What is a MAC address? A MAC address (or media access control address) is a number assigned to a network interface on a computer. This number is meant to be globally unique (but in some cases is not…). MAC addresses may also be called physical addresses or hardware addresses. MAC addresses aren’t to be confused with Macintosh computers, commonly called “Macs”.
Where does it fit in the OSI model?
Switches, which operate on the data-link layer (level 2) of the OSI model, use MAC addresses to deliver information to and from devices on the same network. A switch keeps a record of all MAC addresses on a network, and only delivers information to the intended recipient’s port on a network (compared to a hub, which broadcasts indiscriminately). If a computer wants to send information to a computer on a different network, it will have to use an IP address to have the information delivered via router.
You can see the MAC addresses that your computer by opening up a command line and typing
arp -a. ARP stands for Address Resolution Protocol, and is a way of mapping a device’s IP addresses to the corresponding MAC addresses
What do they look like?
MAC addresses are 6 pairs of hexadecimal digits, separated by colons. This format looks like:
This means there are 2^48 bits or 281,474,976,710,656 possible MAC addresses.
The first 3 pairs usually correspond to a manufacturer code, the same way that segments of UPC barcodes map to a specific manufacturer. The last 3 pairs are specific to the device.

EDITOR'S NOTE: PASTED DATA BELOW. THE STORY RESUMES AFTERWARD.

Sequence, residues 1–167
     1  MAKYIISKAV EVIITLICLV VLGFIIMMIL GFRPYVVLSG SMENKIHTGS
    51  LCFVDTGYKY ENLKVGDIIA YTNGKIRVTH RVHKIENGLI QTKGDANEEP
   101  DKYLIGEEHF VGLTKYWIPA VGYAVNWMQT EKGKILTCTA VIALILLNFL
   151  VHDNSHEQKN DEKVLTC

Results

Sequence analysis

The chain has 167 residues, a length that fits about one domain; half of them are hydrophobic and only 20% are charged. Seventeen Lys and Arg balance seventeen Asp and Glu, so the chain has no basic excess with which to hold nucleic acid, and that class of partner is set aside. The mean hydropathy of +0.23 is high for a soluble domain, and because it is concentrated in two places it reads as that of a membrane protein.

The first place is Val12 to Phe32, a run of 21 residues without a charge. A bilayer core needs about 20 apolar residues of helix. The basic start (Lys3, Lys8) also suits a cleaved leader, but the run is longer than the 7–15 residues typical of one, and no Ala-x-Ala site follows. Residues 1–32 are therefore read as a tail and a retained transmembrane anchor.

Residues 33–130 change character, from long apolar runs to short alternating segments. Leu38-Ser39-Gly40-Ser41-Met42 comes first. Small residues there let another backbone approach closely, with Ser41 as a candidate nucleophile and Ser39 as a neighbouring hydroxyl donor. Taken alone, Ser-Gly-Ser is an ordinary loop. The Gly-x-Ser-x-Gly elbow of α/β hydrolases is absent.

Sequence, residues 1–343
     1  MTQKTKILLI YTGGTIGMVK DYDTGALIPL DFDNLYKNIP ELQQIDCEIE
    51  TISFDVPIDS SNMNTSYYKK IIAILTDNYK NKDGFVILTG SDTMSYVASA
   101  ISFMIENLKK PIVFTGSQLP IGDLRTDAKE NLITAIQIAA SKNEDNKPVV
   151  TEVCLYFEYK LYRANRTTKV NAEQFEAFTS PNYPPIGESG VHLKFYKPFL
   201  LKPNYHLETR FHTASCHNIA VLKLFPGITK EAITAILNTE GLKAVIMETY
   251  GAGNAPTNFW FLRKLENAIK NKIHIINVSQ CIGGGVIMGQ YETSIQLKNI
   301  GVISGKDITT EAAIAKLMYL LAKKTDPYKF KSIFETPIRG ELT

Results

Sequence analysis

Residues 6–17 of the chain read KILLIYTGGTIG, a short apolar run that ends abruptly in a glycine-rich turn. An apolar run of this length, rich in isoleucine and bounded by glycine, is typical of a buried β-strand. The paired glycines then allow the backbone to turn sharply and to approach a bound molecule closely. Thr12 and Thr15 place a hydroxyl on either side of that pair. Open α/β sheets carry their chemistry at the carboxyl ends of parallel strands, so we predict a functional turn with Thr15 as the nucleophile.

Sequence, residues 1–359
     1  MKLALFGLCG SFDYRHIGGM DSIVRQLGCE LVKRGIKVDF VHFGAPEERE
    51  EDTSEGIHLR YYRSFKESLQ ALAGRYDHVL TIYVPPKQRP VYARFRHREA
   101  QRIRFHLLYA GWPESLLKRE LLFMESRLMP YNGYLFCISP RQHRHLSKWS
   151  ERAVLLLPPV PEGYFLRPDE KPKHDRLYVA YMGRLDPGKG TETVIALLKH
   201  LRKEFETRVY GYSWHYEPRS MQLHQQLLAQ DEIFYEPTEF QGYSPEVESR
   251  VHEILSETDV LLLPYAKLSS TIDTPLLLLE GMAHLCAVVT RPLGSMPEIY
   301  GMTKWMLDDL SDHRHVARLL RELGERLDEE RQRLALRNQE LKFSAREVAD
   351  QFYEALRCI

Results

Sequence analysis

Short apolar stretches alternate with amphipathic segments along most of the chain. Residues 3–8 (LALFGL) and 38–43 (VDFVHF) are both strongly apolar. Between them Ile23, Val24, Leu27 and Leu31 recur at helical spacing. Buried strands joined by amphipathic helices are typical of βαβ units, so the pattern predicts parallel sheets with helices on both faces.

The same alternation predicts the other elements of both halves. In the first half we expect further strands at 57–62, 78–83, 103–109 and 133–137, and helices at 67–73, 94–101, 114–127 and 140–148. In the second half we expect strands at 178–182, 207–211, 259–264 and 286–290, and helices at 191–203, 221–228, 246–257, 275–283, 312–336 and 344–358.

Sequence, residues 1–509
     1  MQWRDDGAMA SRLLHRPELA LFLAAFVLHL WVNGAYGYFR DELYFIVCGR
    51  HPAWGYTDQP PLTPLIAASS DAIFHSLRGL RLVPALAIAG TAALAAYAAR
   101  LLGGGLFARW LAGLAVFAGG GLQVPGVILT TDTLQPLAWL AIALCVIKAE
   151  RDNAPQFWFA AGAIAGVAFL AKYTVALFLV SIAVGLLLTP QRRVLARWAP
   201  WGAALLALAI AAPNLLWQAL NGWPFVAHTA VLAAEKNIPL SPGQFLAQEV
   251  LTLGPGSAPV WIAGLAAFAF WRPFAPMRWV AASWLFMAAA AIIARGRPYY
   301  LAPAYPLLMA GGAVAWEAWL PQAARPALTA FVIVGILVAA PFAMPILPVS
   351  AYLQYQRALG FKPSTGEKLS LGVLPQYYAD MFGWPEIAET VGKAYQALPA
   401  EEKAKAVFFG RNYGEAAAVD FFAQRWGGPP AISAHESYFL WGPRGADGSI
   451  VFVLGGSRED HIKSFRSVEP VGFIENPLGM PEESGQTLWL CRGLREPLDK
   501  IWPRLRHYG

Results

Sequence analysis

Your computer has a MAC address for every network interface. If your computer has ethernet, bluetooth and wifi, you’ll have 3 MAC addresses. To view these, you can go to the command line and type
ifconfig and look for the MAC addresses listed in each section
Can I figure out other people’s MAC addresses?
Depends. If the other person is on your local network, then yes.
IPv4: If the other person is outside of your local network, then no. The MAC addresses of computers within a local network are not sent past the router, so while the router can locally identify computers by their MAC addresses, people outside your network cannot.
IPv6: part of the IP address can be generated from the sending computer’s MAC address, meaning that a MAC address can be traceable outside of a given network. Alternatively, a random number may be used instead.
Can you change your MAC address?
Yes! MAC addresses were designed to be permanent, but you can modify or spoof them, temporarily.
On a unix-based system, you can use
ifconfig to change your MAC address.
Why would you want to?
Some networks filter or authenticate users based on their MAC address. Similarly, some wifi networks (like the airport wifi networks that give you 30 minutes of free wifi) identify devices by their MAC address.
If you had malicious intent, you would want to spoof someone’s MAC address so that the switch on that network mistakes your computer for theirs (and delivers the information to the spoofing computer) . Likewise, spoofing a MAC address could trick a DHCP server into distributing an IP address to the spoofing computer.
How does this relate to infosec?
In infosec, MAC addresses are important because:
- They’re an important part of computer networking, which is foundational for a lot of infosec concepts
- Spoofing MAC addresses can be used to gain access to networks or information.
- Spoofing MAC addresses can be used to hide one’s identity. Similarly, devices report their MAC addresses to networks they are trying to join. This behavior allows someone’s device (and thus, their physical location) to be tracked (here’s an example).